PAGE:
As detailed in today’s report, this systemic gutting of asylum has turned away thousands who have a legal right to ask for refuge within the U.S., and shattered hopes for countless families at risk of gang violence, murder, rape, and extortion in their home countries.
The report, Shattered Refuge: A U.S. Senate Investigation into the Trump Administration’s Gutting of Asylum, is divided into two main sections.
Part I is an overview of the Trump administration’s efforts to stop families fleeing persecution from coming to America to claim asylum, including its child separation policies, dangerous and unsanitary conditions within detention facilities, and the deaths of at least seven children who were held in U.S. detention facilities.
Part II details the systemic destruction of the asylum system from within, including previously unreported quotes and documents from whistleblowers within the administration who reacted with alarm to the extreme changes enacted by President Trump and his political appointees. One whistleblower called a new training system for asylum officers as “spitballing whatever might work” and “creat[ing] an echo chamber” in which worthy asylum applicants could be turned away. Another whistleblower wrote, in a newly-obtained email, that the Trump administration’s Remain in Mexico program was plainly “illegal,” “violates my oath of office,” and “is clearly designed to further this administration’s racist agenda of keeping Hispanic and Latino populations from entering the United States.”
Key findings of the Merkley report include:
- When asylum officers found that an applicant had a legitimate reason to fear staying in Mexico until their asylum court date, those decisions were reviewed by political supervisors. Decisions to send migrants back to Mexico were not reviewed, while decisions that migrants should remain in the U.S. for their safety were forwarded on to supervisors, and in some cases all the way up to headquarters. Whistleblowers reported that in nearly all cases where asylum officers found that asylum seekers should be allowed to await their hearing within the U.S. for safety reasons, they were overruled by their superiors, with one whistleblower reporting that it would take “Herculean efforts” to get final approval on any recommendation to allow an asylum seeker to wait in the U.S.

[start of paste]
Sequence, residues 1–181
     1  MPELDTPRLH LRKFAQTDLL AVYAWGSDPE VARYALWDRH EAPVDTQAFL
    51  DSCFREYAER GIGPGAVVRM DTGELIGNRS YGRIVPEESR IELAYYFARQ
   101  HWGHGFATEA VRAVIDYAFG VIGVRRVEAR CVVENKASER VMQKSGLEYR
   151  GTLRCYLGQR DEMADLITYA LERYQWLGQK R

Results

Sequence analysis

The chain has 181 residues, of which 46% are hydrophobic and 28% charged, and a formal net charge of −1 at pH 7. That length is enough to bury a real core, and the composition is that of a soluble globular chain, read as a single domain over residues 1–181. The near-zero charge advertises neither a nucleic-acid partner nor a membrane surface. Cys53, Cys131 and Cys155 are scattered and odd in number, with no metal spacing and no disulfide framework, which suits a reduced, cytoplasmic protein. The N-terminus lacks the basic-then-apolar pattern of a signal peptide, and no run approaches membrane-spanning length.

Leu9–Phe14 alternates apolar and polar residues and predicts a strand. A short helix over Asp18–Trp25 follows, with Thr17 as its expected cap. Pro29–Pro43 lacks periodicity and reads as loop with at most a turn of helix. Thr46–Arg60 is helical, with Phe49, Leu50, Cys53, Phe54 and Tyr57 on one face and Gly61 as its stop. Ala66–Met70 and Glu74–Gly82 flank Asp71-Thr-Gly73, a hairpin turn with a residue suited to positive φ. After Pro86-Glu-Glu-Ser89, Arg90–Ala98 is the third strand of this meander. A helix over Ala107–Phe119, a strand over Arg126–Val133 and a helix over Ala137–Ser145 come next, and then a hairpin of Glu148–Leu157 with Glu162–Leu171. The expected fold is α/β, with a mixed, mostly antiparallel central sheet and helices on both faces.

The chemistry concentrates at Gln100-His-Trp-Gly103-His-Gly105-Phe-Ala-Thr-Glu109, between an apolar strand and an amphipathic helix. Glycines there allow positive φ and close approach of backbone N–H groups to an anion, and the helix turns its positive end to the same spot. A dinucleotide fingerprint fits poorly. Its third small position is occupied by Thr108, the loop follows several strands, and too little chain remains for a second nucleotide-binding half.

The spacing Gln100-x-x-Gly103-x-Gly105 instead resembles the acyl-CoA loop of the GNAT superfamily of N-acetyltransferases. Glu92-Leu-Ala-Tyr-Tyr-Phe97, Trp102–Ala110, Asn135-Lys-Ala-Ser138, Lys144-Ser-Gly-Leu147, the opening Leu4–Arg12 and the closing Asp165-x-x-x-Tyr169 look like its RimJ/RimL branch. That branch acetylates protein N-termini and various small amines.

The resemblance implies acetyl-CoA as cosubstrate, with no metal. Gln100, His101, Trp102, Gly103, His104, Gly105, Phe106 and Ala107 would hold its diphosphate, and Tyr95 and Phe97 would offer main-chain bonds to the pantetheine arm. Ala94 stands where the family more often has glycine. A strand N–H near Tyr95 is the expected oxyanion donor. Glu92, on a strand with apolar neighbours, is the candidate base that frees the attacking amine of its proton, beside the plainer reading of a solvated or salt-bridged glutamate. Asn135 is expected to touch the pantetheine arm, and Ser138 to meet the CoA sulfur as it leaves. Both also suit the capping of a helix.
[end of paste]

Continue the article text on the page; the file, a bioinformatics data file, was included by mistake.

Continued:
- Trained asylum officers strenuously objected to being forced to implement the administration’s programs, such as “Migrant Protection Protocols”/Remain in Mexico, that appear to be in clear violation of domestic and international asylum law. One whistleblower, who refused to participate in MPP on both legal and moral grounds, wrote in a letter that “[i]mplementation of a program for which there is no legal authority violates my oath to office.” The asylum officer noted that the U.S. is bound by law not to discriminate against refugees on the basis of their race, religion, or nationality, and not to penalize refugees for how they enter the country to claim asylum. “However, the MPP both discriminates and penalizes,” the officer continued. “Implementation of the MPP is clearly designed to further this administration’s racist agenda of keeping Hispanic and Latino populations from entering the United States.”